Everest Base Camp / 3 Passes

World → AsiaNepalEverest Base Camp

Click PLAY or watch a 1 minute preview on YouTube. 

In 2020 trekking mostly stopped due to the COVID pandemic.

The Everest region wasn’t as badly affected  by the April 2015 earthquake as were Langtang, Manaslu and Annapurna.

Attention – In 2019, most flights to and from Lukla were flying into and out of Manthali airport, not Kathmandu. At least a 4 hour drive added each way.

Attention – Since October 2018, a new new local entry Khumbu permit is required for  the Everest treks. If flying to Lukla, buy it there. If trekking from Jiri or Salleri buy it in Monjo. You can’t get it anywhere else. Cost is Rs 2,000 (approximately $20) for most foreigners.

The Trekker’s Information Management System (TIMS) Card is no longer required on Everest as this Khumbu Pasang Lhamu Rural Municipality of Solukhumbu district replaces it.


In summary, permits needed for foreigners as of 2019:

  1. Khumbu permit – Rs 2,000 (approximately $20) at Lukla or Monjo
  2. Sagarmatha Park permit – Rs 3,000 (Approx. US $30) in Kathmandu at the Tourism Board Office — or in Monjo at the Park Entrance Gate.

Easiest would be pay for both at Monjo Park Entrance.

Park Entrance

If you sign on with a trekking guide, they will get all required permits for you.

Everest Base Camp / 3 Passes

Every hiker wants to see Sagarmatha – goddess mother of the world

base camp sign

There’s NO shortage of information on how to hike to Everest Base Camp (5,320m / 17,450ft) in Sagarmatha National Park, Nepal.

But the best route is fairly new, via three high passes:

Kongma La (5,535m)
Cho La (5,380m)
Renjo La (5,388m)

You can do one, two or three of those.

If 3 Passes are not challenging enough, you add a side trip to any of these trekking peaks:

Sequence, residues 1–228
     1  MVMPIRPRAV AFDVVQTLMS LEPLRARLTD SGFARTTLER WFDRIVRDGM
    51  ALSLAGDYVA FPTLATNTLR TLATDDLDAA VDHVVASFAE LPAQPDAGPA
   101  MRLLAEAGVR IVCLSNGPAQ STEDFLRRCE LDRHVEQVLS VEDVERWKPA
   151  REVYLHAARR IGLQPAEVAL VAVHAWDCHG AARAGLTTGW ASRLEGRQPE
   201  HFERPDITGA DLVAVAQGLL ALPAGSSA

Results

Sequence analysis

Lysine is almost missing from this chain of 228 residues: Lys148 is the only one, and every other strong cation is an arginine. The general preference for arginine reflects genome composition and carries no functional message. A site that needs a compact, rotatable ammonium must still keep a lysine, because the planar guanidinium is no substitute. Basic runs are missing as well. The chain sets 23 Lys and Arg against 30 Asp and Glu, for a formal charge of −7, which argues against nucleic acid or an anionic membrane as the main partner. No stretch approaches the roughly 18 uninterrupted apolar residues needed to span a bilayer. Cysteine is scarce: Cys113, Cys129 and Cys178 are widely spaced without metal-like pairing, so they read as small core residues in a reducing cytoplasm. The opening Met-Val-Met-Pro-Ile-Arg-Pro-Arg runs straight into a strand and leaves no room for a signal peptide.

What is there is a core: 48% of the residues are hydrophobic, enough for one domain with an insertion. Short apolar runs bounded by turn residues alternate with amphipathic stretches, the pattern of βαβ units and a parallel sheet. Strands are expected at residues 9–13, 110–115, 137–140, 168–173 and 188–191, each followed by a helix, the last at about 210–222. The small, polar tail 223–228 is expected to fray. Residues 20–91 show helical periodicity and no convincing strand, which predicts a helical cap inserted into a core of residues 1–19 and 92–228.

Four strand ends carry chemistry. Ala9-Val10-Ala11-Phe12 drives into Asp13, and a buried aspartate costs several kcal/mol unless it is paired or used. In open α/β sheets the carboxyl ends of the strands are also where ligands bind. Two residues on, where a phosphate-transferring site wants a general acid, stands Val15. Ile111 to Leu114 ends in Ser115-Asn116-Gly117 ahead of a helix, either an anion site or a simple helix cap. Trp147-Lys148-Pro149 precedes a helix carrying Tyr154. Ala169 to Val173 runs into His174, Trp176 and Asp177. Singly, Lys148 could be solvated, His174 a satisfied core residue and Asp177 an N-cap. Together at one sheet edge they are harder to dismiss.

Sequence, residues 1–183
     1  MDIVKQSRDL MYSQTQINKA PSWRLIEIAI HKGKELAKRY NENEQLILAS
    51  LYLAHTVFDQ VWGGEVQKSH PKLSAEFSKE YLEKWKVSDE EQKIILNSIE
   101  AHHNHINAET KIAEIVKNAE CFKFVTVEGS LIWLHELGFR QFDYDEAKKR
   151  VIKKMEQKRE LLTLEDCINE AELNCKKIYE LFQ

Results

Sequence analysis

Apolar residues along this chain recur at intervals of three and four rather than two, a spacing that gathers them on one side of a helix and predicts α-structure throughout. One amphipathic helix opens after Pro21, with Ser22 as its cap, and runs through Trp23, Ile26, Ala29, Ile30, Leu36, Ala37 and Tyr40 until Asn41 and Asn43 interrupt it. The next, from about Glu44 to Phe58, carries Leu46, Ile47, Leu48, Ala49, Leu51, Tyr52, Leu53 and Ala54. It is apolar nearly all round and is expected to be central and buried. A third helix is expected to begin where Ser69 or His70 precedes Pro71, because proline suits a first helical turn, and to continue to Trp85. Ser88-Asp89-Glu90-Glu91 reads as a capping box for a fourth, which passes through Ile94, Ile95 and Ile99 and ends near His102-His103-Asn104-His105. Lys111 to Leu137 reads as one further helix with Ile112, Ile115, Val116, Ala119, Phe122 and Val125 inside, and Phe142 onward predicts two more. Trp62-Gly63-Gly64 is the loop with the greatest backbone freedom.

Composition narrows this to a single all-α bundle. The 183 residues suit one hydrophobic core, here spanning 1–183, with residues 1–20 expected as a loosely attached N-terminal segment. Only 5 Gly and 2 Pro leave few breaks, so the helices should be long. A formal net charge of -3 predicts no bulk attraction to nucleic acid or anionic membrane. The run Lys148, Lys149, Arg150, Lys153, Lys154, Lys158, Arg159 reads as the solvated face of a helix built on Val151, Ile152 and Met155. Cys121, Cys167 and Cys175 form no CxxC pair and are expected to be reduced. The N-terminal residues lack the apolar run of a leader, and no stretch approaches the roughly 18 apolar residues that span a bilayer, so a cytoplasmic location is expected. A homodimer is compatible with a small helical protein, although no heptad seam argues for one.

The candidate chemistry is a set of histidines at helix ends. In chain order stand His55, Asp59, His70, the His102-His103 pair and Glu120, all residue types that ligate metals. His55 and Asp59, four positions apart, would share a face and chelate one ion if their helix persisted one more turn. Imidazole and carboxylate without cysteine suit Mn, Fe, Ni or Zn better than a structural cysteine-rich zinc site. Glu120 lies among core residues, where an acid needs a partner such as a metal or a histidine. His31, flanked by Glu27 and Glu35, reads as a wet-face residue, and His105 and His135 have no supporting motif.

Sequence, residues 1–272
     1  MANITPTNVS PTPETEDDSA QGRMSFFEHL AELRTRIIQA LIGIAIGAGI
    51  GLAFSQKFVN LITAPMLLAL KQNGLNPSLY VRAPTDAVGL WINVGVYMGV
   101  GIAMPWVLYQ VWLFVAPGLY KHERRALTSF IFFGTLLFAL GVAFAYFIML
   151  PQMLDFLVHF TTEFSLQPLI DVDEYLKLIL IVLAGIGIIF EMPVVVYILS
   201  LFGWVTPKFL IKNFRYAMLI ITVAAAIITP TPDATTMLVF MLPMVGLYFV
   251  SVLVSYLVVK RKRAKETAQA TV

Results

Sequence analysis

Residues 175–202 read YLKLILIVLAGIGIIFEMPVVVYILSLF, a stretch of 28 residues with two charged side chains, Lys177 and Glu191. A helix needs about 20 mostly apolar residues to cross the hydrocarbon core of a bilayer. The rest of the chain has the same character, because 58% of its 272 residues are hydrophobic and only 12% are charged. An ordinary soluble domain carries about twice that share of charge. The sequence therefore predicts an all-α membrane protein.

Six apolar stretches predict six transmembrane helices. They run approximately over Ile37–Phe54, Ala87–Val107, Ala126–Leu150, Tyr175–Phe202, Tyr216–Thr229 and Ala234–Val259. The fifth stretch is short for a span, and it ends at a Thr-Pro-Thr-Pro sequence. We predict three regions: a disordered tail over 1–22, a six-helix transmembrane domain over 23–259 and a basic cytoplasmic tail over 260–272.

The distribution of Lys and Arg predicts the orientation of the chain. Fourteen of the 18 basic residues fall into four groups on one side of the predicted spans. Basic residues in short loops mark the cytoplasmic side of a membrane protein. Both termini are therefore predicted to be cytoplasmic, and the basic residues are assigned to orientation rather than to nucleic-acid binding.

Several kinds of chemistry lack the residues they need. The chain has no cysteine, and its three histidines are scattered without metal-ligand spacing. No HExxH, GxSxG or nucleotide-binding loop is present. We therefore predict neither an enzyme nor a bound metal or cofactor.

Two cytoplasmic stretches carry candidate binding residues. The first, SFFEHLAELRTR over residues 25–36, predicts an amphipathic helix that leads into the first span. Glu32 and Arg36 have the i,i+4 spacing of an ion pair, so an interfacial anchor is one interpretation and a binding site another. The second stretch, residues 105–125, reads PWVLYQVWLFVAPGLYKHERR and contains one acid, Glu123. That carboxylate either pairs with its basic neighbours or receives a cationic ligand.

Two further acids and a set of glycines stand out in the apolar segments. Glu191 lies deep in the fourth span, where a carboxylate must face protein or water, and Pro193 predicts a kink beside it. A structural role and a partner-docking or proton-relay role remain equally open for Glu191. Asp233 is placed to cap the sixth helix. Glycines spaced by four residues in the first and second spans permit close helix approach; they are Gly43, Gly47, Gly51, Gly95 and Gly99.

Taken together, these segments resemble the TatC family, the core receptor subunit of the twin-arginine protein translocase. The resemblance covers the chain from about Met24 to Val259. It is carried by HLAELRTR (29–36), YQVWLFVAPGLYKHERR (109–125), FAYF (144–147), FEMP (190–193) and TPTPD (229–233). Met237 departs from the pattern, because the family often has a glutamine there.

• Kala Pattar (5,545m) … the most popular
  • Gokyo Ri (5,483m) … similar vista to Renjo La
  • Nangkartshang (5073m)
  • Chukkung Ri (5,550m)

Pokalde Peak 5806m (19,048ft) is an option, too. But requires a climbing permit as does the much more popular Island Peak 6,189 m (20,305 ft).

Sacred Gokyo Lakes is a superb side-trip.

The focus of this page is this difficult 3 Passes route. For independent trekkers. (Many sources wrongly state that a guide is mandatory.)




  • in 2013 we moved 3 Passes to our list of top 10 hikes in the world, replacing the Annapurna Circuit
  • majority of hikers in the Everest region hire a guide, porter(s) and/or pack animal(s) but it’s fairly easy to do independently
  • guided trekkers stay in lodges, or sprawling tent encampments
  • October to November best months
  • beginning of March to mid-May next best
  • 16-18 days minimum for 3 Passes. 21 days would allow for rest / illness / sidetrip / and other unanticipated delays.
  • if you don’t have time, it’s recommended 14 days just to get to Base Camp and back safely.
  • generally easy hiking on good trails with a light pack. Some very challenging, potentially dangerous sections, if you cross any of the 3 Passes
  • on the main trails buy food as you go and stay in simple “lodges”
  • Everest trails are not expensive, but many spend more than they anticipate on luxuries
  • be clear — you might have to QUIT if by bad luck or rushed ascent you suffer altitude sickness (Acute Mountain Sickness or AMS).
  • many suffer respiratory problems. And fatigue.
  • in 2022, Kellinu Portelli died in his Lobuche room at night of high-altitude pulmonary edema.
  • Dengue Fever reached Nepal 2004. Cases increasing ever since. Tourists advised to avoid mosquito bites.

Why We Like This Hike

  • wonderful photographic opportunities
  • it’s fun to leave the main trails, take to the paths less traveled
  • very little gear is needed
  • you can easily get pack weight down to 10kg (22lbs)
  • walk with no tent, stove or food. Stay in lodges, eat in simple restaurants. Books are often available for rest days.
  • safe and easy to hike solo
  • no need to speak Nepali, only English
  • food is good and quite safe (compared with Kathmandu)
  • Everest is the goal. But our favourite peak is Ama Dablam, much more visible en route.

  • guest houses sell “hot (luke warm) showers”
  • at altitude, food tastes GREAT. The bakery in Tengboche is particularly good.

  • Maoists never have bothered trekkers much in the Everest region because the one bridge entrance can be so easily policed
  • keep your pack light by resupplying at stores like this one in Dingboche

Tred in the footprints of the great Everest mountaineers. Here’s the shrine of  Babu Chiri Sherpa at Dughla Pass


First concern of many is the flight in to Lukla Airport 9,380ft (2,860m), officially named Tenzing-Hillary Airport since 2008.

Click PLAY or watch a flight on YouTube.

Most Extreme Airports, broadcast on The History Channel in 2010, rated the airport as most dangerous in the world.